The first section of the config files deals with IPs or IP ranges that you don't want LaBrea to "pretend" to be. You can place different IPs and ranges on different lines. To exclude an IP add the IP followed by EXC like so:

192.168.0.1 EXC
192.168.0.5 EXC

Excluding a range is also very easy to do:

192.168.0.1-192.168.0.25 EXC
192.168.0.100-192.168.0.110 EXC

Or you can use the CIDR notation

192.168.0.1/24 EXC

Ignoring Hosts

There may be some hosts on your network that you don't want LaBrea to capture by mistake or for testing purposes. If this is the case then add the following to your config file so that LaBrea ignores the packets coming from that host or range of hosts. Again, you can use the same notations as above just put IPI at the end of the line:

192.168.33.48/29 IPI

Ignoring Ports

If there are any ports you don't want LaBrea to trap traffic on then you can specify these here by entering the port or port range and adding POR at the end of the line.

27-333 POR


Active Ports

The specified ports will always be monitored for connection attempts, and will respond.  Tarpitting and persist capturing will be done for these ports. Again, Specify the port or range then add PMN to the end of each line. By allowing some ports to be "open" and some "closed" you can make it look like a specific application, OS or server is in use.

26 PMN

 


 
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Starting LaBrea

Now it is installed we need to see if it will start up. We can do this with the following command:

labrea --dry-run

It should end with something like this:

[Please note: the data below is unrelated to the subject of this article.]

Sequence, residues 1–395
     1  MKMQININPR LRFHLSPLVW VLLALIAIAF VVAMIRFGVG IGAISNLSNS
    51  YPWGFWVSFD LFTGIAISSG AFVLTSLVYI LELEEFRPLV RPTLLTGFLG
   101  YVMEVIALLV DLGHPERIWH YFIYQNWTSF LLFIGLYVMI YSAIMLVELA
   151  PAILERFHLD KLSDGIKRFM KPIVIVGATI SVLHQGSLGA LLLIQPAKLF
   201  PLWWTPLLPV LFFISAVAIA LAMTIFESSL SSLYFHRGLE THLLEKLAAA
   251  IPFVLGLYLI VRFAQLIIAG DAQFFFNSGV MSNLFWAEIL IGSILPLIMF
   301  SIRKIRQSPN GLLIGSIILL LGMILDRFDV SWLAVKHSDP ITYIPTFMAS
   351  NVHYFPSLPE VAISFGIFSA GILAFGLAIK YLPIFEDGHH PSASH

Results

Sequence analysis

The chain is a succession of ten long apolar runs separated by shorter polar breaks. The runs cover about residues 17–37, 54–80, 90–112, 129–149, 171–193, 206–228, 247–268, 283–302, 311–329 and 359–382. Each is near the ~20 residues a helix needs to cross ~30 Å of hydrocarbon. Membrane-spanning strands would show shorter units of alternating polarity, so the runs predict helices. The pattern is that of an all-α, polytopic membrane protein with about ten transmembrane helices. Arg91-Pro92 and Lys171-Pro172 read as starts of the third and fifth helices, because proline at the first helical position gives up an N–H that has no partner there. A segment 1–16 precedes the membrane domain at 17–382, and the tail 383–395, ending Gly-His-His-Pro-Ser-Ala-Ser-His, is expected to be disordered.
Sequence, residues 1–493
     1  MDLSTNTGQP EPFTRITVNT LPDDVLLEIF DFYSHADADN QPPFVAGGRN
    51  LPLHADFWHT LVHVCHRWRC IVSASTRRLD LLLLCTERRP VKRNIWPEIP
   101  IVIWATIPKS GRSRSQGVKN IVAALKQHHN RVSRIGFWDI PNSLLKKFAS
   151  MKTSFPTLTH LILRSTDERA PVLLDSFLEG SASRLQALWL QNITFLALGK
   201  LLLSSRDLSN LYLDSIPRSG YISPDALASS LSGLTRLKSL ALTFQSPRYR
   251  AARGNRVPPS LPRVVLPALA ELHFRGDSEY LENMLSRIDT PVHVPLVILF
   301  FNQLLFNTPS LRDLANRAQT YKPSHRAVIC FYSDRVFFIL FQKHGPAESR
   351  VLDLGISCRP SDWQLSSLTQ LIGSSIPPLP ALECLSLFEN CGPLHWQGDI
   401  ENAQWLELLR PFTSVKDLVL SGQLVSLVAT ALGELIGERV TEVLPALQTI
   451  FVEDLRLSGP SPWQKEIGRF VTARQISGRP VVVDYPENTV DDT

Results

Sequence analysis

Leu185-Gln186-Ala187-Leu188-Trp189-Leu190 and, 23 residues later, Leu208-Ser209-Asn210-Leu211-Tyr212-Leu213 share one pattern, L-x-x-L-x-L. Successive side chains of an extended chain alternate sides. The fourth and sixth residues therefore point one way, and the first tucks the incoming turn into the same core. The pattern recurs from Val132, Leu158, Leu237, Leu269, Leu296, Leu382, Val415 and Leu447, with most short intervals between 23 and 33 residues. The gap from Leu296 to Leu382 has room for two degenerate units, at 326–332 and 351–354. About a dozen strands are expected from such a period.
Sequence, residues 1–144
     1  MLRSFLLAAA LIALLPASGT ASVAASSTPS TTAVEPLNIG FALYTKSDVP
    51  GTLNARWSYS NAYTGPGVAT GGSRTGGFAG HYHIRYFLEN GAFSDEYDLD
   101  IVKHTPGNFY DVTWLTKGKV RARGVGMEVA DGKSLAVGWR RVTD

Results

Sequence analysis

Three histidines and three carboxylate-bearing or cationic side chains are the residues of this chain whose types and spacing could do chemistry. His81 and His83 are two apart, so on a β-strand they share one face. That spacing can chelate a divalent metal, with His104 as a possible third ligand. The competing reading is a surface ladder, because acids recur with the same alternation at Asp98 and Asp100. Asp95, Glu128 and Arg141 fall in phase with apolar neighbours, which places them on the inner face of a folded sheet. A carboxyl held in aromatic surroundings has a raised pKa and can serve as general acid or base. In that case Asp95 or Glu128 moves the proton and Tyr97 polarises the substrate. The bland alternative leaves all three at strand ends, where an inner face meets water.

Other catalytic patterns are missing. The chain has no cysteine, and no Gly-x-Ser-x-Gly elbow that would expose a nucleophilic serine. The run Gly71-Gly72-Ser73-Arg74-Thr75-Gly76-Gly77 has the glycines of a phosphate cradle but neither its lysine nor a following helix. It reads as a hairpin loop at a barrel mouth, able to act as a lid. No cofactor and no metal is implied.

Wed Jan 12 16:55:48 2005 Test mode run complete... LaBrea is exiting.

If you get any problems then please post them in the LaBrea thread on the SmoothWall forum and I'll do my best to help. Alternatively you can type labrea --help for many start-up options. As you can see you can specify many of the config file instructions here if you wish. For a more in-depth look at each of these options please take a look at the LaBrea read me.

If you had no problems you can start LaBrea with the following  command: /etc/rc.d/init.d/labrea &

If you want / need to change the default start-up options you will need to edit the /etc/rc.d/init.d/labrea file.

You can verify the start-up by pinging an address on your network you know is not in use. The first 3 / 4 replies will show nothing but after that it should look as if a host is responding.

Auto Starting LaBrea

To get LaBrea to start each time your SmoothWall boots you will need to add it to the inittab. To do this open /etc/inittab in your text editor and add the following at the bottom of the file:

#LaBrea tarpit client
lb:345:once:/etc/rc.d/init.d/labrea

Before you save it make sure you have a blank line at the bottom of the file!

 


 
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Uninstalling Labrea

To uninstall LaBrea you just need to remove the above start-up information from /etc/inittab and remove the following files:

/etc/logrotate.d/labrea
/etc/rc.d/init.d/labrea
/etc/labrea.conf
/usr/lib/libdnet.so.0
/usr/local/sbin/labrea
/var/log/labrea/labrea.log

To Do

  • Create an installer for the startup info

  • Make a GUI page for the info

Notes

This has been tested on a fresh SmoothWall installation with no noticeable problems. It's been running on my main Smoothie for over a month with no problems. Apparently LaBrea can have problems with some switches. You can make LaBrea switch safe by adding the -s to the /etc/rc.d/init.d/labrea file.

Please post any question or problems onto the LaBrea thread.

Kev